Penetration tests are relatively spared in the Czech Republic

The Kovid pandemic has significantly helped the digitisation of domestic companies, but their approach to cybersecurity is still insufficient. This is confirmed by the experience of ethical hackers who check the security of corporate IT infrastructure or web and mobile applications through penetration tests.

“While foreign companies order penetration testers for twenty to thirty mandays, in the Czech Republic we get a time limit of half that at most on similar projects,” confirms David Pícha, business manager in the field of cybersecurity at Integra EMEA.

Referring to the rule that applies in cybersecurity: ‘Your systems must resist all attacks – hackers only need to be lucky once’, David Pícha points out that penetration tests should be carried out to a sufficient extent.

So the domestic approach is being taken away by the testers. “Ethical hackers are in an awkward situation. We want them to do a 100 percent job, but they should have much more time to do it,” explains the cybersecurity expert. Meanwhile, the cost of a pentest typically represents about half a percent of a company’s annual investment in IT technology and cybersecurity, and the tests can prevent tens of millions in damage.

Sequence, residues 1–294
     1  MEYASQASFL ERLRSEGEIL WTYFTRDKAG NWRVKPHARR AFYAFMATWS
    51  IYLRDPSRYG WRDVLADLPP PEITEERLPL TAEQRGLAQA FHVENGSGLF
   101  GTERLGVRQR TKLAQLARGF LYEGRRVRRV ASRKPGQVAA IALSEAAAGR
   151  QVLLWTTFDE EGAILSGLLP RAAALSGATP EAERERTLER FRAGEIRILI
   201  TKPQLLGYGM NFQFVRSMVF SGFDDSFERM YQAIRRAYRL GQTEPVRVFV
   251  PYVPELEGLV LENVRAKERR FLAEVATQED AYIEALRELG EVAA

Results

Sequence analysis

Czech companies still do not pay enough attention to cybersecurity. According to the CEO Survey 2021 by consultancy PwC, while 13% more respondents than a year ago take the risk of cyber threats seriously among company bosses, it is still only 49% of CEOs, making it only the 14th most important danger – while misinformation is more important at number 8, inflation tenth or the environment twelfth. Seven per cent of Czech bosses are even planning to cut back on cyber security in response to Kovid.

“It shows that our market is still immature in some sense. Managers’ approach to cyber threats is exactly the opposite compared to Western trends. Growing digitalization is an increasing temptation for hackers to open a backdoor into any company, and it is far from being a threat only for large companies,” concludes David Pícha from Integra. A study by Accenture, for example, showed that 43% of cyberattacks targeted small businesses.

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